I love Isabella Adams’ charming depiction of Greek family life in her debut novel, Last Man Out. The funny thing is, Adams isn’t actually Greek. And she didn’t grow up in Tarpon Springs, where her novel is set. Adams (pen name) works in North Pinellas as a family physician. She became immersed in Greek culture via her practice, where about 80% of her patients are Greek. So it’s not terribly surprising that the main character of her book, Andromeda Markos, is a Greek doctor specializing in dive medicine.
Last Man Out begins with an action-packed murder scene. We are introduced to the main character, Dr. Andromeda Markos, when our murderer seeks medical attention at her clinic after a diving incident. Markos is immediately suspicious of the man, and probes her contacts for more information on the incident. Her ex husband, Pete, mentions the death of an amateur cave diver out in Wild Boar Springs — the man's diving companion.
After talking to her friend Stacy, the medical examiner one county north, Markos learns that there's something more than just plain inexperience to blame here. Then the police call. Markos soon becomes involved in a murder investigation, working with a local detective to solve a month-old missing persons case. It may sound a bit fantastical the way I described it here, but Adams does an expert job of making it real. In the end, it reads like daily life punctuated by a once-in-a-lifetime experience.
Adams excels in creating life-like characters. Given that Adams is a doctor herself, Dr. Andromeda Markos really comes to life in the pages of Last Man Out. So do the characters that play her friends, based on women she did her residency with. As a fan of quirky characters, I was particularly delighted by the ex-husband and mother characters, who read like amusing caricatures of the cheating husband and the suffocating mother. Between Sophia, the out-of-touch mother, and Kallie, the teenage daughter, mother-daughter life is well represented here.
Also well-represented are both the state of Florida and Tarpon Springs. The book is dotted with references to Florida culture — our humid weather, cold intolerance and tourist trade are all seamlessly woven into the story. The descriptions are often so vivid that even someone who has never visited the state could imagine what it's like — its look, its taste, its feel, its smell and its sound. Take, for instance, the opening paragraph of the second chapter:
The Florida morning air was saturated with mist. Andromeda Markos pushed herself through the humidity, even though she felt like she was breathing in a cloud. She could taste the salt suspended in the morning fog. The mangroves nearby were rife with water birds indigenous to this area of the state. When she did not have her ear buds in, Andie occasionally heard the eerie cry of an osprey as it brought food back to its young, perched high on top of a telephone pole.
And then there are all the Tarpon Springs references — allusions to the Sponge Docks, diving, the Greek Orthodox church, Greek food, souvenir shops, the Pinellas Trail, white sandy beaches and the Gulf of Mexico. You could picture it all even if you'd never visited. And if you have visited, it's even more vivid.
After reading this crazy romp through Tarpon Springs, I couldn't help but wonder what the real doctor was like, and how the hell she found the time to write a book. What kind of doctor writes murder mysteries in their spare time? Do doctors even have spare time?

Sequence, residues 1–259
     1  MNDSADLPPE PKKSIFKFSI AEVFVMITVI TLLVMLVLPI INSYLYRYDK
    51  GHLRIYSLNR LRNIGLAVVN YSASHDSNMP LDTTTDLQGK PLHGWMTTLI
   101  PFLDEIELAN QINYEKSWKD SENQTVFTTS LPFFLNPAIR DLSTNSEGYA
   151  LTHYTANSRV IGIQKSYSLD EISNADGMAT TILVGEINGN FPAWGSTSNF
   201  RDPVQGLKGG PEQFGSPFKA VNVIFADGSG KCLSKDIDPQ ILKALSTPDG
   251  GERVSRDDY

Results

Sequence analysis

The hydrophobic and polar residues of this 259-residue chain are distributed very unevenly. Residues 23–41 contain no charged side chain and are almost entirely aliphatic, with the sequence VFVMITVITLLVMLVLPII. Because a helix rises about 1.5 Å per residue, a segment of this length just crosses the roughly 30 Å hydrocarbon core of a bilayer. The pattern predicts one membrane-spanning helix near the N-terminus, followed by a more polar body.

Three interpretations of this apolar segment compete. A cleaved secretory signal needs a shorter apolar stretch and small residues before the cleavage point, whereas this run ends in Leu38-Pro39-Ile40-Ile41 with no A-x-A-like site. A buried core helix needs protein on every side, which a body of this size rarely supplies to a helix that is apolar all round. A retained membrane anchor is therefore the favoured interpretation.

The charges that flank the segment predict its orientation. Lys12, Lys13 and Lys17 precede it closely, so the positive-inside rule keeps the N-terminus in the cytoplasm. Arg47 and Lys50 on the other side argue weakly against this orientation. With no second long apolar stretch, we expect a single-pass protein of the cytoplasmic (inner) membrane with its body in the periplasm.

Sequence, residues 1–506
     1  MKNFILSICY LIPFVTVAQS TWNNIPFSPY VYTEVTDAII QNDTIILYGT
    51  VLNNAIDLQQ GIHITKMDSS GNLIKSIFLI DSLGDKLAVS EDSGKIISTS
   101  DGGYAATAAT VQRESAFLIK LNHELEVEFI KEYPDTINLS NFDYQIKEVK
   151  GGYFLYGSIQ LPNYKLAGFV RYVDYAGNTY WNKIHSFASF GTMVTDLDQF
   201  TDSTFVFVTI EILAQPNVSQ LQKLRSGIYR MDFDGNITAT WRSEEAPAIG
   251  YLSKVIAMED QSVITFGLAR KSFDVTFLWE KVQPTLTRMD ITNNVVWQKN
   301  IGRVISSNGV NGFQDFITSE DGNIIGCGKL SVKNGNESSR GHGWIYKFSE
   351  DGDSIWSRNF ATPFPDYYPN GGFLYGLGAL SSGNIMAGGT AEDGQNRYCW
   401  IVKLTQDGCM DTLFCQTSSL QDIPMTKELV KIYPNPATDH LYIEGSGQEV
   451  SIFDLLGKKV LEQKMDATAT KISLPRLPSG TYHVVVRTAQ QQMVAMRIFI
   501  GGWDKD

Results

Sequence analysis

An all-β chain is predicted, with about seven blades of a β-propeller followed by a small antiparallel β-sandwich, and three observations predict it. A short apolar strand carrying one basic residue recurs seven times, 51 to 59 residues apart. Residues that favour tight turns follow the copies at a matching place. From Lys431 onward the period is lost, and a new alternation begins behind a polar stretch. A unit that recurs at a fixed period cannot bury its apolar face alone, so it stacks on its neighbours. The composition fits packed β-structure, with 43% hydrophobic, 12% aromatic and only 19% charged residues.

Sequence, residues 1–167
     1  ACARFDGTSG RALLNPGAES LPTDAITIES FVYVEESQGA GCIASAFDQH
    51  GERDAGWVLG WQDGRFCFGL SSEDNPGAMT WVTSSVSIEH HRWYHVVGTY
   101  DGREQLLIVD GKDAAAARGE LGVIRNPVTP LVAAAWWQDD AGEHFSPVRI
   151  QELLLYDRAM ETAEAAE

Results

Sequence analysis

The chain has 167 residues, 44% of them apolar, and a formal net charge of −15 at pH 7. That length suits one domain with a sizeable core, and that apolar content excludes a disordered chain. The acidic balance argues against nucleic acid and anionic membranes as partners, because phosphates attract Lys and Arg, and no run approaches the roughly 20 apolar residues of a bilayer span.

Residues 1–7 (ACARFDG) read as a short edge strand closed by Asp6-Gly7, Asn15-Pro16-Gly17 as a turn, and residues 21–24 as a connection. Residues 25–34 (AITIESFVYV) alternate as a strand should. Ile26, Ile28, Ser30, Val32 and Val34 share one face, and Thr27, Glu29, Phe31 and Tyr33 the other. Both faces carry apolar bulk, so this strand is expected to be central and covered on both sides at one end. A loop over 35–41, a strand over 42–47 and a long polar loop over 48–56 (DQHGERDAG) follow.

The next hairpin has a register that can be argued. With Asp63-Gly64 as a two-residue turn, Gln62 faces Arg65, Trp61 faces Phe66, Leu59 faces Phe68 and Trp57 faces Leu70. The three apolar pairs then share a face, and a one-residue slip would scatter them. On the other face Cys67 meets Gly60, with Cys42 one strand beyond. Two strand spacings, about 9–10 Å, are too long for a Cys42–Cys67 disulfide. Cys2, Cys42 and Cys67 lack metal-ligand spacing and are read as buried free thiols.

Dr. X leads a double life — in one life she is Dr. X, primary care physician. In the other life, she is Isabella Adams, nicknamed Izzy, an emerging murder mystery author whose debut novel, Last Man Out, won Critters, Preditors, and Editors Best Mystery in 2017. Izzy occasionally curses. Dr. X apologizes for this — she is nothing but professional. Izzy is a creative outlet apart from Dr. X's #1 priority: her patients. Dr. X could prescribe me some Tamiflu. Izzy could hang out with me at a local coffee shop, joke around and talk about life and literature.
Dr. X had nightmares as a child, so her mother bought her a dream journal and taught her how to practice lucid dreaming. It’s a technique that allows you to exert some control over your dreams, thus reducing the frequency of nightmares. The moment you realize you are dreaming, you are suddenly holding the reigns — or not. It takes some time to develop the technique. As an adult, Izzy uses these dreams as inspiration. She credits her dreams with inspiring the story of Last Man Out, "from beginning, to middle, to end," she says.
It’s not unheard of for artists to use dreams as a source of inspiration — The Strange Case of Dr. Jekyl and Mr. Hyde, Stephen King's Misery, Frankenstein, Stuart Little and Sophie's Choice were all inspired by dreams. Someone’s even written a book on the subject — Deirdre Barrett’s The Committee of Sleep: How Artists, Scientists and Athletes Use Dreams for Creative Problem-Solving — and How You Can, Too, in 2001.
Having never used the technique myself, I found it hard to believe that someone could dream up an entire book from beginning to middle to end.
“What about the names?” I asked her, “People have names in your dreams?”
“It’s so descriptive, though,” I said.
“Is it? I guess I’ve been accused of...” She launches into an exaggerated description of herself walking down hallways, giving way more detail than anyone would ever want to know.
“You mean you’re that descriptive when you talk?” I ask her.
Her friends nod enthusiastically.
I’m never going to understand how Isabella Adams’ mind works, but I like the work that it does.
Given that Adams' main gig is doctoring, I was afraid her debut effort would be OK at best. But I was hoping it would be good, and I wasn't disappointed.